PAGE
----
AACR Journal Publishes Commentary on Racism and Diversity in Cancer Research
PHILADELPHIA – Cancer Discovery, a journal of the American Association for Cancer Research (AACR), today published a commentary on the persistent bias and racism against Black and other underrepresented minority (URM) scientists in academia. The paper proposes steps cancer researchers and their institutions can take to improve diversity and racial equity among students, faculty, and patients.
In “The Race toward Equity: Increasing Racial Diversity in Cancer Research and Cancer Care,” Donita C. Brady, PhD, of the University of Pennsylvania and Ashani T. Weeraratna, PhD, of Johns Hopkins University call for several changes, including:
- Diversify the cancer research workforce at all levels by maintaining investment in the training pipeline for Black and other URM students; developing partnerships between minority-serving educational institutions and cancer centers; creating dedicated, formal mentoring programs; implementing deliberate and robust URM recruitment; expanding financial support for URM trainees; training non-URM faculty to recognize and mitigate implicit bias; and more.
- Improve the representation of URM patients in clinical trials.
- Increase the number of URM physicians in the cancer field.
- Rebuild trust in hospitals and medical providers.
The full paper is available for download here.
As the cancer research community grapples with the pervasive racism and racial inequities laid bare by the COVID-19 pandemic and the horrific murders of George Floyd, Breonna Taylor, and countless others, the AACR has provided a forum for members to discuss these issues and the way forward. Recent panel discussions have included:
Racism and Racial Inequities in Cancer Research
Panelists included John Carpten, PhD, chairperson of the AACR’s Minorities in Cancer Research Council; Ken Frazier, chief executive officer of Merck; Levi Garraway, MD, PhD, FAACR, chief medical officer of Roche; National Institutes of Health and U.S. Food and Drug Administration officials; and many others. This powerful, wide-ranging conversation covered the reality of discrimination and inequality in all areas of cancer research and treatment; achieving social justice and equality for all, regardless of skin color; eliminating cancer health disparities among racial and ethnic minorities by increasing minority representation in clinical trials; and ensuring diversity and recognition of the accomplishments of minority scientists and clinicians in the cancer work force. You can watch the session here.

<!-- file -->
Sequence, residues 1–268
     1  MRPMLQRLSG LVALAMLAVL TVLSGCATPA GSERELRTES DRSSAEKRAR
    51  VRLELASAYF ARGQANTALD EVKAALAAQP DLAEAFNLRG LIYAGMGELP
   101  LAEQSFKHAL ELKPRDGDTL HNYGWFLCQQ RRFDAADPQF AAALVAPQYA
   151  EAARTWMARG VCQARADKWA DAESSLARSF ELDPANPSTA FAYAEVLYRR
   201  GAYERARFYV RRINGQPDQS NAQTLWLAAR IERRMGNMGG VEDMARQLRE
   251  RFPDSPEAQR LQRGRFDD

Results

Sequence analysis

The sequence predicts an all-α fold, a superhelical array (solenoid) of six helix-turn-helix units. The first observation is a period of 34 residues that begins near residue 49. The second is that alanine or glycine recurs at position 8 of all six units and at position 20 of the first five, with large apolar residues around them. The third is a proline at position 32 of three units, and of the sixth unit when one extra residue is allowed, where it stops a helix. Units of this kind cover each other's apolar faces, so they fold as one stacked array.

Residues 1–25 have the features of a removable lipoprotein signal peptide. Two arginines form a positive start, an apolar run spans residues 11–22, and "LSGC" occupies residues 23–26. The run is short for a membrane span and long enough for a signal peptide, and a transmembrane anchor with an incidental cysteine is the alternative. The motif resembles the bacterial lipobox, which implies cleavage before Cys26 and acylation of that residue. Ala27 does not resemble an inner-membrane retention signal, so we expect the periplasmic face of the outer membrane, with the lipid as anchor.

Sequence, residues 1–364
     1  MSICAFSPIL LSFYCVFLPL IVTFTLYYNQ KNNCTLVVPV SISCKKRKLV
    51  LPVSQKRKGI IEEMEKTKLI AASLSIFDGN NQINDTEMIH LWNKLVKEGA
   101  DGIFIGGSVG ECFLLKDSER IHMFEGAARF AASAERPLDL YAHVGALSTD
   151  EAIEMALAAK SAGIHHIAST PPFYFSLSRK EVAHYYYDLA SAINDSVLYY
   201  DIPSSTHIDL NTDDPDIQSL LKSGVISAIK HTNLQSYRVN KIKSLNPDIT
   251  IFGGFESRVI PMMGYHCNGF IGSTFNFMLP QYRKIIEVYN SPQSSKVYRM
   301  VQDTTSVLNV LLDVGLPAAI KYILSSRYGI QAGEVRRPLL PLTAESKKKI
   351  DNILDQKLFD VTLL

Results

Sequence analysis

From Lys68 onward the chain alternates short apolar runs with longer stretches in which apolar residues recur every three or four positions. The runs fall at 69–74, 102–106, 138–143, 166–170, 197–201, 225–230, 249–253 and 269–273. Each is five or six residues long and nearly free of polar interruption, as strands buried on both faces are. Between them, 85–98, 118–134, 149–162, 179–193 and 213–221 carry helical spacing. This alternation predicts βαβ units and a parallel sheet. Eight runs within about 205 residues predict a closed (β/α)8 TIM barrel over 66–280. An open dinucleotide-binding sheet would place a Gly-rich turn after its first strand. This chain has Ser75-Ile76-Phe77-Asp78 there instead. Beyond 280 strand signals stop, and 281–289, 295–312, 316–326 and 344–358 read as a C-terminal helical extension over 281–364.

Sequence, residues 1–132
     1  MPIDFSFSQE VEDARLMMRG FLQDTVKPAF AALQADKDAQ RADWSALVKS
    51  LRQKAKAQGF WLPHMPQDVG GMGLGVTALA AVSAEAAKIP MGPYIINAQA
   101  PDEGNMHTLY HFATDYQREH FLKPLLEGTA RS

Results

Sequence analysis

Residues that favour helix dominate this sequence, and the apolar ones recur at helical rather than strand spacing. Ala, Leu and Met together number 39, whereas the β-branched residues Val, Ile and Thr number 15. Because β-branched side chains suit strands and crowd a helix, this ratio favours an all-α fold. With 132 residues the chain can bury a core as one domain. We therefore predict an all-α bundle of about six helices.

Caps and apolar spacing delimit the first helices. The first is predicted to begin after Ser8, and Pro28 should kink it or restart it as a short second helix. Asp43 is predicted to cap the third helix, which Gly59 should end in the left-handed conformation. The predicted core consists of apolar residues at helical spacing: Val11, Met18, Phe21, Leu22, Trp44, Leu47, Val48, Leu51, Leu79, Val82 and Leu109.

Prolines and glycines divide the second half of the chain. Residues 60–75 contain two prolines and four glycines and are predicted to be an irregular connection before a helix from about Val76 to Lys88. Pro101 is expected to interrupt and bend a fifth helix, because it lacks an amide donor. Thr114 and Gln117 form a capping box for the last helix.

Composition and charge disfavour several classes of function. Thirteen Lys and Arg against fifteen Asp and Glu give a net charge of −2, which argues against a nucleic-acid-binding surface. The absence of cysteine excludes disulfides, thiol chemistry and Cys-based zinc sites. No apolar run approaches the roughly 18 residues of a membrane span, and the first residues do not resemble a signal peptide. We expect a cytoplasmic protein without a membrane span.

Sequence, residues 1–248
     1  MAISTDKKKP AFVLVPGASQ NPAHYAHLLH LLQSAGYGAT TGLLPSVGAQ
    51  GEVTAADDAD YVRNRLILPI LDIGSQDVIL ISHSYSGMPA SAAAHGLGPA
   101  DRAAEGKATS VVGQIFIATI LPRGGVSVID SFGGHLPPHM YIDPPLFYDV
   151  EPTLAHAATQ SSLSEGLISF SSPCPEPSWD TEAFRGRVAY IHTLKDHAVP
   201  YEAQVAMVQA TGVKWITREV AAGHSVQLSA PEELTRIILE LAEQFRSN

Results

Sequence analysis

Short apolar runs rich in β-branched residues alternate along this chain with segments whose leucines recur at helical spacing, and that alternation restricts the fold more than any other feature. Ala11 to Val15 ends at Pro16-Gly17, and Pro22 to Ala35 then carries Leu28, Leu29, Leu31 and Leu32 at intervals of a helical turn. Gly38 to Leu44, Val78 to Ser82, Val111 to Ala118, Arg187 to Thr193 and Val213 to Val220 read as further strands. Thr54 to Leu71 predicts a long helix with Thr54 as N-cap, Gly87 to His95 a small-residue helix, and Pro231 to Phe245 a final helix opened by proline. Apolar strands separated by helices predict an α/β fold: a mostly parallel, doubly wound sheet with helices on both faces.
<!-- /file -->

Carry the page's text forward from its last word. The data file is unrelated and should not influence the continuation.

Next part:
Minorities in Cancer Research Scientific Symposium: Health Inequities and Disparities in the COVID-19 Pandemic and Impact on Cancer Care Among Racial and Ethnic Minorities and the Medically Underserved
Robert A. Winn, MD, director of Virginia Commonwealth University Massey Cancer Center, provided opening remarks and helped moderate this discussion with experts who presented observations, evidence, and perspective on the health inequities and disparities related to the COVID-19 pandemic and how it is significantly exacerbating disparities in cancer care among racial and ethnic minorities and the medically underserved. You can watch the session here.